Territories – Self-Titled (Pirates Press)

For more than two decades, Canada’s long-running punk band Knucklehead put out a slew of ferocious, tight punk rock anthems. So, it’s no surprise that Territories, the new outfit comprised of alumni from Knucklehead, would be just as impressive. Continue reading “Territories – Self-Titled (Pirates Press)”

Willie Nelson – My Way (Vinyl)

It’s been less than six months since the wildly prolific/national treasure Willie Nelson last put out a record, so of course he’d have another one out before 2018 ended. But unlike “Last Man Standing,” an album of new originals, “My Way” finds Nelson sidelined by another covers album, this one dedicated solely to the music of Frank Sinatra (much like 2016’s Gershwin album, 2011’s Ray Charles album, 2006’s Cindy Walker album and on and on…). Continue reading “Willie Nelson – My Way (Vinyl)”

Tokyo Police Club – TPC (CD)

It probably wouldn’t have been surprising if “TPC,” Tokyo Police Club’s fourth and latest record was never made. Members of the band, originally based in Canada, have scattered to different parts of the continent since their last release with singer/bassist Dave Monks settled in New York, drummer Greg Alsop now calling LA home and guitarist Josh Hook and keyboardist Graham Wright staying put north of the border. Adding to the uncertainty, Monks recently put his first solo album. But thanks to technology, the band was able to make it happen, geography be damned. The result is “TPC,” another great offering of indie rock not unlike the band’s earlier records. Continue reading “Tokyo Police Club – TPC (CD)”

Lenny Kravitz – Mama Said; Are You Gonna Go My Way; Circus; 5 (Vinyl)

Lenny Kravitz’s 1989 debut, Let Love Rule was an impressive win for rock. Aside from, Guns ‘n Roses and a few others, radio and music charts were dominated for most of the year by mediocre R&B singers, stale soft rock holdovers like Phil Collins and Billy Joel and legitimately fake music acts like Milli Vanilli. So, when Kravitz, with his rock swagger meets hippie vibe came out with the soaring 5-minute plus title track and the brilliantly confrontational “Mr. Cab Driver,” both off of “Let Love Rule,” mediocre radio pap made way for a legitimate rock guitarist (for a while at least). It certainly didn’t hurt that he also had that perfect rock star look. Continue reading “Lenny Kravitz – Mama Said; Are You Gonna Go My Way; Circus; 5 (Vinyl)”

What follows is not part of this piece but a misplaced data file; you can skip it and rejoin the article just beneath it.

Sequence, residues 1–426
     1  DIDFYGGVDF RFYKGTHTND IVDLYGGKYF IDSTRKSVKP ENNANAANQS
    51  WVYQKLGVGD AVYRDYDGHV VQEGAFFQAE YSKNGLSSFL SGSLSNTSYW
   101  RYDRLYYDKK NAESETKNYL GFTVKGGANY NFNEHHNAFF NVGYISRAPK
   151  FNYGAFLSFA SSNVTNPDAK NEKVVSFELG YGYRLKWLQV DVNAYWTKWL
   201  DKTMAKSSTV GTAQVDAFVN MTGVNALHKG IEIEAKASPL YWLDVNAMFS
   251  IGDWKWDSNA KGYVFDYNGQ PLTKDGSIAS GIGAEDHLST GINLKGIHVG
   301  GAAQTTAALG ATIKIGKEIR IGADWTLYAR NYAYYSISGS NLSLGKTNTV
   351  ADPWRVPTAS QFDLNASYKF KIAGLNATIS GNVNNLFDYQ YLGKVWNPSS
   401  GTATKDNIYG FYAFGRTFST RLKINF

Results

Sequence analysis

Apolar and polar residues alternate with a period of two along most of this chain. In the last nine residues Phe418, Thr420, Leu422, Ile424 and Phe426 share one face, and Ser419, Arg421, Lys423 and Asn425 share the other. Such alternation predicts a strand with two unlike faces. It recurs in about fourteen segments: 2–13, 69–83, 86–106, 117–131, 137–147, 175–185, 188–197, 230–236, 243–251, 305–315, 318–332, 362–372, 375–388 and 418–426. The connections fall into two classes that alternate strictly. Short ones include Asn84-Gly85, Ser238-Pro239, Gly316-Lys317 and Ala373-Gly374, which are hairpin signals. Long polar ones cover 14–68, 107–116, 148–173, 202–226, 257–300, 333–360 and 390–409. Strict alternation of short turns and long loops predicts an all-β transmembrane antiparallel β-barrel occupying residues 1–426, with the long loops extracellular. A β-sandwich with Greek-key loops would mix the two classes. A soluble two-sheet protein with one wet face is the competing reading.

Freddy & Francine – Moonless Night (CD)

Americana, as a genre, is having a much-deserved moment in the sun. And with it are coming some incredibly original bands that normally wouldn’t be getting a listen if not for folks like The Avett Brothers and Shovels & Rope treading a path to acceptance. Among those that deserve a listen is the brilliant Nashville, by way of LA, -based duo Freddy & Francine (Curiously, there is neither a Freddy nor Francine in the band, rather Bianca Caruso and Lee Ferris both take lead). Continue reading “Freddy & Francine – Moonless Night (CD)”

Electric Light Orchestra – The U.K. Singles Volume One: 1972 – 1978 (Vinyl Boxset)

It’s difficult to relay just how influential Jeff Lynne and his group Electric Light Orchestra was and remains to this day, despite release their last big hit in the early 1980s. Continue reading “Electric Light Orchestra – The U.K. Singles Volume One: 1972 – 1978 (Vinyl Boxset)”

The Hard Stuff: Dope, Crime, The MC5 & My Life of Impossibilities

Wayne Kramer and his bandmates in the MC5 helped put down the foundations of punk rock, alongside fellow Detroiters Iggy Pop and The Stooges, paving the way for everyone from The Ramones to The Clash to make careers out of their music. Unfortunately, Kramer was in a federal prison in Lexington, KY, serving time for a botched drug deal when punk was just taking off. And at the time, the term “punk,” inside the walls of a prison was not what you wanted to be known as. Continue reading “The Hard Stuff: Dope, Crime, The MC5 & My Life of Impossibilities”